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If he were alive today he might speak simple but eloquent words such as, “It is against God’s law for two men or two women to be together as a husband and wife in marriage. Marriage can only be between a man and a woman.” 

He would most likely be hated. He would be ridiculed. He would surely have the human rights tribunals throwing the book at him. But he would be speaking the truth and have God as his ally. 

The time may not be far off when those who defend real marriage, like John, will be presented with the choice of following Caesar or making the ultimate sacrifice. May God grant his faithful the grace to persevere in whatever might come. St. John the Baptist, pray for us!

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The Wunderlich family Mike Donnelly / Home School Legal Defence Association
Thaddeus Baklinski Thaddeus Baklinski Follow Thaddeus

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German homeschoolers regain custody of children, vow to stay and fight for freedom

Thaddeus Baklinski Thaddeus Baklinski Follow Thaddeus
By Thaddeus Baklinski

One year to the day since a team of 20 social workers, police officers, and special agents stormed a homeschooling family’s residence near Darmstadt, Germany, and forcibly removed all four of the family’s children, aged 7 to 14, a state appeals court has returned custody of the children to their parents.

The reason given for the removal was that parents Dirk and Petra Wunderlich continued to homeschool their children in defiance of a German ban on home education.

The children were returned three weeks after being taken, following an international outcry spearheaded by the Home School Legal Defense Association.

However, a lower court imposed the condition on the parents that their children were required to attend state schools in order for them to be released, and took legal custody of the children in order to prevent the family from leaving the country.

In a decision that was still highly critical of the parents and of homeschooling, the appeals court decided that the action of the lower court in putting the children in the custody of the state was “disproportional” and ordered complete custody returned to the parents, according to a statement by the HSLDA.

The Wunderlichs, who began homeschooling again when the court signaled it would rule this way, said they were very pleased with the result, but noted that the court’s harsh words about homeschooling indicated that their battle was far from over.

“We have won custody and we are glad about that,” Dirk said.

“The court said that taking our children away was not proportionate—only because the authorities should apply very high fines and criminal prosecution instead. But this decision upholds the absurd idea that homeschooling is child endangerment and an abuse of parental authority.”

The Wunderlichs are now free to emigrate to another country where homeschooling is legal, if they choose, but they said they intend to remain in Germany and work for educational freedom.

“While we no longer fear that our children will be taken away as long as we are living in Hessen, it can still happen to other people in Germany,” Dirk said. “Now we fear crushing fines up to $75,000 and jail. This should not be tolerated in a civilized country.”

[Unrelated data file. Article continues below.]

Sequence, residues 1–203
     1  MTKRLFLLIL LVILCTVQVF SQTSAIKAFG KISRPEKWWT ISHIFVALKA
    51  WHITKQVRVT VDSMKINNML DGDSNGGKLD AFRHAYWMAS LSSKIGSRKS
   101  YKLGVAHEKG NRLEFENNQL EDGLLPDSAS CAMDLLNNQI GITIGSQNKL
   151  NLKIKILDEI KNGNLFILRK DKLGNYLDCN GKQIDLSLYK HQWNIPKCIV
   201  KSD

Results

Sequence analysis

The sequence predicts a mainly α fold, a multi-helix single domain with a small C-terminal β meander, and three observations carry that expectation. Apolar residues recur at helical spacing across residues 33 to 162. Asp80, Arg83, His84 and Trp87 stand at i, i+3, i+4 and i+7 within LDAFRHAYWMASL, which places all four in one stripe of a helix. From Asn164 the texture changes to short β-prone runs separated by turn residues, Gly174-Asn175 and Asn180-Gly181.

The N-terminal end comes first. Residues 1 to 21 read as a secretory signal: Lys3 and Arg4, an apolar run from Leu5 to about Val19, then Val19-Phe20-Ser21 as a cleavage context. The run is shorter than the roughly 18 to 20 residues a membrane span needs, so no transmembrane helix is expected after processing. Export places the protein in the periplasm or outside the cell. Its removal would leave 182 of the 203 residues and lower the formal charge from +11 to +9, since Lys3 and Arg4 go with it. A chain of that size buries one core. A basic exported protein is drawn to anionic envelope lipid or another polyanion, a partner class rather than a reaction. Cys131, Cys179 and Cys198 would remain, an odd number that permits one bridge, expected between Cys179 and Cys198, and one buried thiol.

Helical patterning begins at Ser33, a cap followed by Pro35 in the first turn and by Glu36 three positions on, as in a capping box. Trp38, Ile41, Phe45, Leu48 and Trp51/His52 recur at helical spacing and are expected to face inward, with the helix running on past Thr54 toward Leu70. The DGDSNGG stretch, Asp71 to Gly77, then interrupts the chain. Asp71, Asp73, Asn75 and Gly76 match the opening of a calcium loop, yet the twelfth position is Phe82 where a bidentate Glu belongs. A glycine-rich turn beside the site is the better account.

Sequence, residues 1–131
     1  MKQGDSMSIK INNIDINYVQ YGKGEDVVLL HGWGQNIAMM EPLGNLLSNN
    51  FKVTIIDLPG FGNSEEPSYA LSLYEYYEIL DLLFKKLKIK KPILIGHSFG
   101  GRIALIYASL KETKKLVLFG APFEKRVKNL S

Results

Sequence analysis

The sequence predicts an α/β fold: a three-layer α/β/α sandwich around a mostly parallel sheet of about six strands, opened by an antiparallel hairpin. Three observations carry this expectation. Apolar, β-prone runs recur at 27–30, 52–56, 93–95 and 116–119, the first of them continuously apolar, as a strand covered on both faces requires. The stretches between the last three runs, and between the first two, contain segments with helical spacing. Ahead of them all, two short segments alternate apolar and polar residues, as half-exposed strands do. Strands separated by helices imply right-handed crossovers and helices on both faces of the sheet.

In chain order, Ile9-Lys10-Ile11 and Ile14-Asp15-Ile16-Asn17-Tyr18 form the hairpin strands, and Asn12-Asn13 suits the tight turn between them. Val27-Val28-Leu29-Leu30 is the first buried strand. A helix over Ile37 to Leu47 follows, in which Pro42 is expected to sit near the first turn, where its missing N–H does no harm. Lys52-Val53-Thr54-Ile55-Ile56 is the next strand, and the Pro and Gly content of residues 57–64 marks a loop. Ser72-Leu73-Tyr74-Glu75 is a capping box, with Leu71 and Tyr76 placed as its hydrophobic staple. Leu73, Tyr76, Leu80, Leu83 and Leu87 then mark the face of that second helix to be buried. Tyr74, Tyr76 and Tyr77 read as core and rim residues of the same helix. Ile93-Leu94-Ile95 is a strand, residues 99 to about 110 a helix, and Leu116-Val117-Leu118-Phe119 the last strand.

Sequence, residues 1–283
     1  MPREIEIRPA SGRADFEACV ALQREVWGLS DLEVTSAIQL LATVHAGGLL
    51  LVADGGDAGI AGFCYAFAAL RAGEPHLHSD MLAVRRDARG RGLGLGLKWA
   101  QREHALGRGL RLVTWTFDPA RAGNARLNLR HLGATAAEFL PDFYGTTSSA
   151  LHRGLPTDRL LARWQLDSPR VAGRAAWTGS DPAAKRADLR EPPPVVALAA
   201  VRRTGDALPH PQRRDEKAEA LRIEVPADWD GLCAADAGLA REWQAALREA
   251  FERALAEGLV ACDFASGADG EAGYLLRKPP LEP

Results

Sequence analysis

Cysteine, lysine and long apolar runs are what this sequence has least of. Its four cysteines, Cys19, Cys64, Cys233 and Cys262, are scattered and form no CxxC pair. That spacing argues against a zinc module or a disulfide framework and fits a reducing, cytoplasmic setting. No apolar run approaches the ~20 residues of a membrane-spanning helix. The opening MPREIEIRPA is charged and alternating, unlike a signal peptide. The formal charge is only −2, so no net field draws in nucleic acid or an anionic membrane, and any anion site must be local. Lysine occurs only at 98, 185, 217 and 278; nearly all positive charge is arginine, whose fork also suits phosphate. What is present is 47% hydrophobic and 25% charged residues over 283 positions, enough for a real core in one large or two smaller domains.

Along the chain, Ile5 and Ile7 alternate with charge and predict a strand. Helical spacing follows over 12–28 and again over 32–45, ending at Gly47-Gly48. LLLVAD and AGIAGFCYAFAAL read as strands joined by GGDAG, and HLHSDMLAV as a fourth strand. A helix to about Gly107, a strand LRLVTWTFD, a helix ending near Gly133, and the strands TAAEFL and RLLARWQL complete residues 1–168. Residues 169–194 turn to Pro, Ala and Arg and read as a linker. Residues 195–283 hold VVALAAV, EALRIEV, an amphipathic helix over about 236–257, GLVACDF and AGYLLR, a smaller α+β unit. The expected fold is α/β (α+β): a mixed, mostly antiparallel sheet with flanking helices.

Petra Wunderlich said, "We could not do this without the help of HSLDA,” but cautioned that, “No family can fight the powerful German state—it is too much, too expensive."

"If it were not for HSLDA and their support, I am afraid our children would still be in state custody. We are so grateful and thank all homeschoolers who have helped us by helping HSLDA.”

HSLDA’s Director for Global Outreach, Michael Donnelly, said he welcomed the ruling but was concerned about the court’s troubling language.

“We welcome this ruling that overturns what was an outrageous abuse of judicial power,” he said.

“The lower court decision to take away legal custody of the children essentially imprisoned the Wunderlich family in Germany. But this decision does not go far enough. The court has only grudgingly given back custody and has further signaled to local authorities that they should still go after the Wunderlichs with criminal charges or fines.”

Donnelly pointed out that such behavior in a democratic country is problematic.

“Imprisonment and fines for homeschooling are outside the bounds of what free societies that respect fundamental human rights should tolerate,” he explained.

“Freedom and fundamental human rights norms demand respect for parental decision making in education. Germany’s state and national policies that permit banning home education must be changed.

"Such policies from a leading European democracy not only threaten the rights of tens of thousands of German families but establish a dangerous example that other countries may be tempted to follow,” Donnelly warned.

HSLDA Chairman Michael Farris said that acting on behalf of the Wunderlichs was an important stand for freedom.

“The Wunderlichs are a good and decent family whose basic human rights were violated and are still threatened,” Farris said.

“Their fight is our fight," Farris stressed, "and we will continue to support those who stand against German policy banning homeschooling that violates international legal norms. Free people cannot tolerate such oppression and we will do whatever we can to fight for families like the Wunderlichs both here in the United States and abroad. We must stand up to this kind of persecution where it occurs or we risk seeing own freedom weakened.”

Visit the HSLDA website dedicated to helping the Wunderlich family and other German homeschoolers here.

Contact the German embassy in the U.S. here.

Contact the German embassy in Canada here.